Ear Hustle

15 African-American men Exonerated in Chicago after Being Framed by Police Who Planted Evidence On them

15 African-American men Exonerated in Chicago Illinois After Being Framed By Police Who Were Planting Evidence

On Thursday, the Cook County State’s Attorney dropped all charges against 15 men who said they were framed by former cop Sgt. Ronald Watts and his team of officers.

Cook County prosecutors made the request Thursday as 10 of the men stood before Judge Leroy Martin Jr.

The 15 men together had 18 convictions. All of them were convicted in 2003 to 2008 for drug crimes. Some of the men are already free, but some are still serving time.

The men allege that Watts and his team of officers planted the drugs on them, framed them and falsified police reports.

“If you’re not gonna pay Watts, you were going to jail,” said the newly exonerated Leonard Gibson who suffered multiple convictions at the hands of Sgt Watts when he refused to pay money.  “I went to jail and did two years, 24 months for Watts.  I came back home, he put another case on me.”

Joshua Tepfer of the Exoneration Project at the University of Chicago is representing the men whose petitions he filed in September and those which Cook County State’s Attorney Kim Foxx has agreed.

Sgt. Watts and Officer Kallatt Mohammed were convicted and are now free but as many as seven others officers are still on the job but have never been charged.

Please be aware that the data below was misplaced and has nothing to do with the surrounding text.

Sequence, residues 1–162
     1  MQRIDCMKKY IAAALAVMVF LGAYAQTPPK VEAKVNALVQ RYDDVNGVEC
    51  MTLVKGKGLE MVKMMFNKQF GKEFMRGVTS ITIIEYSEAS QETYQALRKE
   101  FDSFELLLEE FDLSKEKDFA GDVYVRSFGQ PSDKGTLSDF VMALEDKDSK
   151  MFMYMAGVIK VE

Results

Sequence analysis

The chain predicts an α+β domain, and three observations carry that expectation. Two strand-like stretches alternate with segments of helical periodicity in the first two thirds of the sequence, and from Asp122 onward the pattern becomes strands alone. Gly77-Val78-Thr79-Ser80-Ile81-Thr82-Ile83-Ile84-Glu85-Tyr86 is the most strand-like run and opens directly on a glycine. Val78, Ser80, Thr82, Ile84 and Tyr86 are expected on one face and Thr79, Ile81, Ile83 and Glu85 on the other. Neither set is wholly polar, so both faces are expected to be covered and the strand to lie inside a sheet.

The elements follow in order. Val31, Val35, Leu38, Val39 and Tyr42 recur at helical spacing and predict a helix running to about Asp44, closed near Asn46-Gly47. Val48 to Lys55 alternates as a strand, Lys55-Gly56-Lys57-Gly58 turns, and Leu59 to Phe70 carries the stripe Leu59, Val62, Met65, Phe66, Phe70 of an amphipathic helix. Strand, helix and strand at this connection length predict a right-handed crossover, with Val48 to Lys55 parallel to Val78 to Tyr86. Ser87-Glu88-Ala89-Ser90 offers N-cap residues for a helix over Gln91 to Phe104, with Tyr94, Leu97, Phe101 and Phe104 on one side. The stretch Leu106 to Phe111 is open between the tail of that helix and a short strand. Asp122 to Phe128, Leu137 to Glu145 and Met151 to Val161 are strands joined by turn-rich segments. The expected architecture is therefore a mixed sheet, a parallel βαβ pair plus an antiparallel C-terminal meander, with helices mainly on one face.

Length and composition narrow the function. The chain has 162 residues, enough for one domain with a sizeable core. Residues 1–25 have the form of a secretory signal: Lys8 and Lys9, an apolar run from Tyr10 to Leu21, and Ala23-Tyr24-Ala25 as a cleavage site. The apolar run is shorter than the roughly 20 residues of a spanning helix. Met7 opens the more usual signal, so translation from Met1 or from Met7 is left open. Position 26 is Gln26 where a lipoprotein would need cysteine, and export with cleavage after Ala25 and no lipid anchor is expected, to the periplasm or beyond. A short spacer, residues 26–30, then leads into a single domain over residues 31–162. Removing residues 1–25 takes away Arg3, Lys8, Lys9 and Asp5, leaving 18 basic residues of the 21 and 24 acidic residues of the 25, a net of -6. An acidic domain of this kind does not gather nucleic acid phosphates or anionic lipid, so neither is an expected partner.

Tepfer said the officers targeted men living in South Side housing projects from the early 2000s for over a 10-year period by framing them by creating evidence and planting drugs on them and at times taking their proceeds.

He said it was systemic in nature and those at the highest levels of the Chicago Police Department knew about it and did nothing to stop it.

“This corruption was covered up by the highest levels of the Chicago Police Department,” he said. “It was swept under the rug.”

Officers Mohammed and Watts served less than three years. Tepfer said they and others in their circle continued to operate despite investigations by internal affairs, the state’s attorneys office and the FBI.

Source: WGN

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